Obstacle #4: Keep Options Open

Waiting to settle down goes hand in hand with the tendency of millennials to want to keep options open. Emerging adults don’t like closed doors. They are ever fearful of missing out on something better. Therefore any opportunity or program that locks them in, that limits their autonomy, that requires surrendering some freedoms is often avoided (80). This is a significant cultural barrier for emerging adults to overcome regarding the church. The church and discipleship in general is a call to trust, commit, invest. It requires discipline and demands “worshiping something bigger and authoritative beyond the self” (80).

Worship leadership opportunities can help bridge this cultural gap through short-term opportunities and clear on- and off-ramps. Festival choirs for Easter, a vocal ensemble for the season of Lent, a drama group for Advent, an arts project for a mission emphasis week, and a worship team that schedules three months at a time are examples of church programing that provide millennials an opportunity to serve without locking them in indefinitely. At the same time, the taste of community and the satisfaction of sharing one’s gifts with the church can entice them to make longer and deeper commitments.

Obstacle #5: Invested in Interpersonal Relationships

This may not sound like an obstacle. Investing in interpersonal relationships is a good thing, and millennials are keen to travel this road. However, this cultural tendency can often lead to an avoidance of social and political concerns (73). By and large, Smith writes, they are “withdrawn from the public square” and fail to invest “in community organizations or other change-oriented groups or movements” (73). Instead, they pursue passionately relationships with family and peers and spend a good deal of their time maintaining these relationships (73).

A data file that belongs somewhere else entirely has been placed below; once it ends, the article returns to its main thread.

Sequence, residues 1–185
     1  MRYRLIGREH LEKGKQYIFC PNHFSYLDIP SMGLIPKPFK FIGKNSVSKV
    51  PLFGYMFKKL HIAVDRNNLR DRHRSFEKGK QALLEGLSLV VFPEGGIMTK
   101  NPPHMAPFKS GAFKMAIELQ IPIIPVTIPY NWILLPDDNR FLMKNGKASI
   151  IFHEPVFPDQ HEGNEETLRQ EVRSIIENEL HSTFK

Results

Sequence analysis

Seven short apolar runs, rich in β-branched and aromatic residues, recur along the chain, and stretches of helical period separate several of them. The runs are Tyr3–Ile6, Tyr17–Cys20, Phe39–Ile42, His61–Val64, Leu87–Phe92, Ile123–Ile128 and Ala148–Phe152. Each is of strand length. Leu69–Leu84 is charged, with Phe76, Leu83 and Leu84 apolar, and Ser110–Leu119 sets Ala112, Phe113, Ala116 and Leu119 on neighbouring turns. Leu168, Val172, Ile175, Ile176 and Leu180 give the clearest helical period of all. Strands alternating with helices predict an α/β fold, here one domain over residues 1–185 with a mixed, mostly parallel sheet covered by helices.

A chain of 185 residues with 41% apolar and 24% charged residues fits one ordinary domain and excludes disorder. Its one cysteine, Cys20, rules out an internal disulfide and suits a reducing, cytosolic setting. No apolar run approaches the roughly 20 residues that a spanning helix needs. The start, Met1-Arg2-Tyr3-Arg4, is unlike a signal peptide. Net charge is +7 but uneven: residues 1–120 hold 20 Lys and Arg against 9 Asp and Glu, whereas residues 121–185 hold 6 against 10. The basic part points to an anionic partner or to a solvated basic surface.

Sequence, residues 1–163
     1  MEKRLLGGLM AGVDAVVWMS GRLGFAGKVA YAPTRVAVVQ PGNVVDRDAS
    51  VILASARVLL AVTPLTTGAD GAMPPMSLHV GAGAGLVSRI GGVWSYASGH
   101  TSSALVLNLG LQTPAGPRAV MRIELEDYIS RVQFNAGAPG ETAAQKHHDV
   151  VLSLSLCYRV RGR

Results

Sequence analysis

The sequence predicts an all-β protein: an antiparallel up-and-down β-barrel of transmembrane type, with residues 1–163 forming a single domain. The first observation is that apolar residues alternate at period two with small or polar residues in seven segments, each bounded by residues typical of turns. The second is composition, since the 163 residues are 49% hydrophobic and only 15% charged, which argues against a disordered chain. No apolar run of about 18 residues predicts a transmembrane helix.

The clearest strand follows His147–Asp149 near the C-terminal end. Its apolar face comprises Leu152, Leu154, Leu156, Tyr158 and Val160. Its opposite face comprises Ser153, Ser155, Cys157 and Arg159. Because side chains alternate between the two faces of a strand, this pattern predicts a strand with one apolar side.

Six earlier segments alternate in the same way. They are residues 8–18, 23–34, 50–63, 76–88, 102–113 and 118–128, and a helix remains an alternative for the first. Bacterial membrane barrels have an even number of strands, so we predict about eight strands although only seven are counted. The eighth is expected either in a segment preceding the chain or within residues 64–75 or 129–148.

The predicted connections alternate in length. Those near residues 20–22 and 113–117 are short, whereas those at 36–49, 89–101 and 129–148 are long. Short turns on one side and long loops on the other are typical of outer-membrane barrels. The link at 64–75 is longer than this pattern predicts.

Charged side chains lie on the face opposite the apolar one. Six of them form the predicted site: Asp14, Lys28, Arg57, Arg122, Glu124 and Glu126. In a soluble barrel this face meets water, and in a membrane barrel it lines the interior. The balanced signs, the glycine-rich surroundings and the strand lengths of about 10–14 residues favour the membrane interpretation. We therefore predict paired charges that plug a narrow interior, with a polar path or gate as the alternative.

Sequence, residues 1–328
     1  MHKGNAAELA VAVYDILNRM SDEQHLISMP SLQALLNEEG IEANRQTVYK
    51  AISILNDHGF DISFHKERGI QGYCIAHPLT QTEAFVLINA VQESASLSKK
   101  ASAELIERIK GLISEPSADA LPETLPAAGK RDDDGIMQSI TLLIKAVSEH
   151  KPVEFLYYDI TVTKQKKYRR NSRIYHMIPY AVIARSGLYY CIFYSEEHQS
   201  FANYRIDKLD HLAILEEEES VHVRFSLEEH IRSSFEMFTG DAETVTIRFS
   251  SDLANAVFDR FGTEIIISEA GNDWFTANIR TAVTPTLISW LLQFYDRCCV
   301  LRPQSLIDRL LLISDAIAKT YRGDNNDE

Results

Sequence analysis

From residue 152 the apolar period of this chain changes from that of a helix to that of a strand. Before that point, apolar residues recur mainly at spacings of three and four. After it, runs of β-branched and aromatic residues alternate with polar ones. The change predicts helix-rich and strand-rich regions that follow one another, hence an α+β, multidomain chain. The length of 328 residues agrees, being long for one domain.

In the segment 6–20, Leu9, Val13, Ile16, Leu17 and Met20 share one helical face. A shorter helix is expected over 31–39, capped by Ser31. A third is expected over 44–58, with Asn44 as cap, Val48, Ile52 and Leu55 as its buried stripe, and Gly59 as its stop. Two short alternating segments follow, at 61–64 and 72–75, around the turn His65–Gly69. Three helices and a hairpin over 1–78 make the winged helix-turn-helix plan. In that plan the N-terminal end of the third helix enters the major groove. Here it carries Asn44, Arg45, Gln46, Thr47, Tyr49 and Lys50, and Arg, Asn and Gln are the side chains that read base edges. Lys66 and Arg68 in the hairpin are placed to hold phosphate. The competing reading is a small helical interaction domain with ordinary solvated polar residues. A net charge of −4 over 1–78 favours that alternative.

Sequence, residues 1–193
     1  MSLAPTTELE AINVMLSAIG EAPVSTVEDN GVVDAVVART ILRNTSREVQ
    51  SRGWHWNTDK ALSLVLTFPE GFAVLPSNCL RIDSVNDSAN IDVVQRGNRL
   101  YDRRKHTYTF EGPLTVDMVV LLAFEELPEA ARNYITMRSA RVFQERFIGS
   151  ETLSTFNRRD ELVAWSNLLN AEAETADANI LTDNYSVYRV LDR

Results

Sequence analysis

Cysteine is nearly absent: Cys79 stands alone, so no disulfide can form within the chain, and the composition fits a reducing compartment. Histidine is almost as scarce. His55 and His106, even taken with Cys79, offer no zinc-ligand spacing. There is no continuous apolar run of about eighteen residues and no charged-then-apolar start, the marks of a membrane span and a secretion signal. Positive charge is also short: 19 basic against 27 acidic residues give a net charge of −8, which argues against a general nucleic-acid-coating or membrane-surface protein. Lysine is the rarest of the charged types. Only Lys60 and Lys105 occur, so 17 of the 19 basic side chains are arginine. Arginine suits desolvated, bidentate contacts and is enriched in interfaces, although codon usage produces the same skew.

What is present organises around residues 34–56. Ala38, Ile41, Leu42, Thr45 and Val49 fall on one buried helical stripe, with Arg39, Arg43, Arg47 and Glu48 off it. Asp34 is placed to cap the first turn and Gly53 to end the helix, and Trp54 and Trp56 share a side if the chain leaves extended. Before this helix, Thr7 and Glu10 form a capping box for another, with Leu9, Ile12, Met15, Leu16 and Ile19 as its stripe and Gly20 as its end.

It can be a challenge, therefore, to persuade millennials to contribute to the life and work of the church. Calls to kingdom work, sacrifice for local neighbors, and concern for the global church can fall on deaf ears. As a result, invitations to participate in worship leadership may not immediately be accepted. However, if emerging adults can see and experience personal, deep, and vital relationships on worship-leading teams, they will be more likely to commit. At the same time, as they participate in worship leadership that prays in solidarity with others, that sings cross-culturally, and that receives the gifts of other nations and peoples, the hearts and minds of emerging adults will slowly be turned outward in love and concern for others.

Obstacle #6: The Church is Not a Place of Real Belonging

Finally, the relationships, support, contribution, and commitment that millennials experience in worship-leading teams can counteract the prevailing sentiment among them that the church is not a place of real belonging (152). Though emerging adults may regularly attend a worship service, they often seek a sense of belonging elsewhere. They may enjoy worship, they may be friendly with the people there, but they tend to find real belonging among their friends or family, at college, or at a job they like (152).

Sometimes the social distance that millennials feel is due to minor annoyances or perceived “petty differences” (152). But most emerging adults simply tend to find a sense of belonging outside of the church—athletic teams or fraternities, for example. Worship leadership, however, can be a significant means of developing deep relationships and a sense of belonging. The pride one feels in having her art displayed, the prayer one receives from his worship team during a time of trial, the words of affirmation after singing a solo, or the kind-of camaraderie that a drama or Scripture enactment team experiences all can contribute to a deep sense of purpose and belonging that millennials crave.

Conclusion

Through worship leadership, the church can help millennials navigate the challenges and obstacles they face in emerging adulthood. Major life transitions, anxiety in the present and for the future, and relational expectations can impede their participation, but they need not be a barrier. Rather, as worship leaders, millennials may receive the very grace, support, and community they seek in the midst of their journey.